Cowboy Culture

Cowboy Culture


Seven flyers advertising different cowboy-themed nights, spanning 1978-1989, San Francisco; “Areno rodeo Bar-B-Q” at the Arena Nightclub [c. 1978] in very good condition; “J&D’S Chuckwagon” at the Stables, in very good condition with stamp on verso “10 - [19]81”; another in the stame style advertising “New Years Weekend” at the Stables, slightly creased by otherwise in good condition; a “$2,000 Cash Grab,” at Devil’s Herd Saloon with an illustration dated 1982 and a light stain at the bottom of the page; “Le Disque goes Live Country & Western Sundays,” c. 1985 with folds in two places; “Desperados Cowboy Night,” no date and in good condition with light crease in lower right corner; and a January 1989 calendar for the Covered Wagon Saloon.

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This collection of nightlife posters spans roughly a decade of cowboy-themed gay nightlife throughout San Francisco—and also gives a sense of the versatility of the genre, from the fetish scene to drag competitions. The Devill’s Herd Saloon on Valencia is the most consistent, offering live country and western bands seven nights a week and dominating the San Francisco Crusader’s country music recommendations for the Bay Area at the time. It was described in a December 1980 issue of the newsletter as having crowds that are “too big” for its location—which gives a sense of the scale of gay cowboy life at the time. One of the Devil’s Herd Saloon’s most popular bands, 4-Wheel Drive, also played in the Haight at Le Disque, (nowadays called Milk Bar) which started advertizing Country & Western Sundays by the mid-1980s. In some cases cowboy aesthetics are integrated into the leather scene: J&D’s Chuckwagon Kitchen worked out of the Stables on Folsom Street, and in the early 1980s offered discounts on spaghetti dinners to motorcyclists in full leather, not just folks in a ten gallon hat. On the other end of the spectrum, Desperados “Cowboy Nights” offer cash prizes for the best cowboy as well as the worst cowgirl drag. Rounding out this collection is a calendar that gives a sense of just how integral live music was to the scene—although in the case of Covered Wagon, non-country bands are featured too, including Operation Ivy.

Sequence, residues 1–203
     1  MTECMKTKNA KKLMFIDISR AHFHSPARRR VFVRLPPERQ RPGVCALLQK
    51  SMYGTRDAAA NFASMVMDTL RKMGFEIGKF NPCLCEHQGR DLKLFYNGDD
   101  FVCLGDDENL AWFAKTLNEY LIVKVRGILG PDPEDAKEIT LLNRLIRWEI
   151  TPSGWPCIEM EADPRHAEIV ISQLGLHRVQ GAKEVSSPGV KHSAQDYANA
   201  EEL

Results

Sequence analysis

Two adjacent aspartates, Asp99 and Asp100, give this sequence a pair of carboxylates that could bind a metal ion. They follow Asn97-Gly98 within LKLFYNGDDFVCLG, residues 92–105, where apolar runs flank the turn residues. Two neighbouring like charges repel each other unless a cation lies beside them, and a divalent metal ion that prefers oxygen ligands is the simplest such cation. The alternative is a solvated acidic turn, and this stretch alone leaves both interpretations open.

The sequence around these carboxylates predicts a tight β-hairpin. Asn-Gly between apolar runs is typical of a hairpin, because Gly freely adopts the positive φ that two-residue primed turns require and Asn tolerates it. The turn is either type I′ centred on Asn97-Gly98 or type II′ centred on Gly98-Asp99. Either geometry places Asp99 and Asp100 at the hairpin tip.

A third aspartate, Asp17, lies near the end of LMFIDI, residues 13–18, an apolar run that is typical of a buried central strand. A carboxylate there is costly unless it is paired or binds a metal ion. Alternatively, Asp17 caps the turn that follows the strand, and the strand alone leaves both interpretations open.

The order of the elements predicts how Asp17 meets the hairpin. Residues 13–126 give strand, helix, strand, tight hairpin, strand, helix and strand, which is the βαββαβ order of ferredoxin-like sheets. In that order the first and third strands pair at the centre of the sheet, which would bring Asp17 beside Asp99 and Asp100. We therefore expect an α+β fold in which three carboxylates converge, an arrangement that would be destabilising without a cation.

Cowboys and cowgirls are integral to gay life: not only because historically cowboys inhabited a rough-and-tumble homosocial frontier described by Annenberg Learner as a “Paradise of Bachelors” in the American West, but because art imitates life, and nightlife imitates art, and over the past decades there have been countless cowboy- and cowgirl-themed parties run by and for queers. To say nothing of the real thing: the International Gay Rodeo Association traces the inaugural gay rodeo back to Reno, Nevada on 2 October 1976 as a charity fundraising event run by Phil Ragsdale. By 1977, the event had given life to the Comstock Gay Rodeo Association, which eventually grew to become an “International” association by 1985.


Bob Pimental, “The History of Gay Rodeo,” Out In All Directions: The Almanac of Gay and LEsbian America (Warner Books: 1995).

Frank Harrel, “Cowboy Frank Welcomes You,” 

The International Gay Rodeo Association, 

Beth Greenfield, “Gay Rodeos; Tightly Knit and Western-Loving,” The New York Times, 24 February 2006, 

Michael Lyons, “Same-sex love in the saddle: the homosexual world of the American frontier,” 4 Daily Xtra, April 2017, 

“Paradise of Bachelors: The Social World of Men in Nineteenth-Century America,” Annenberg Learner,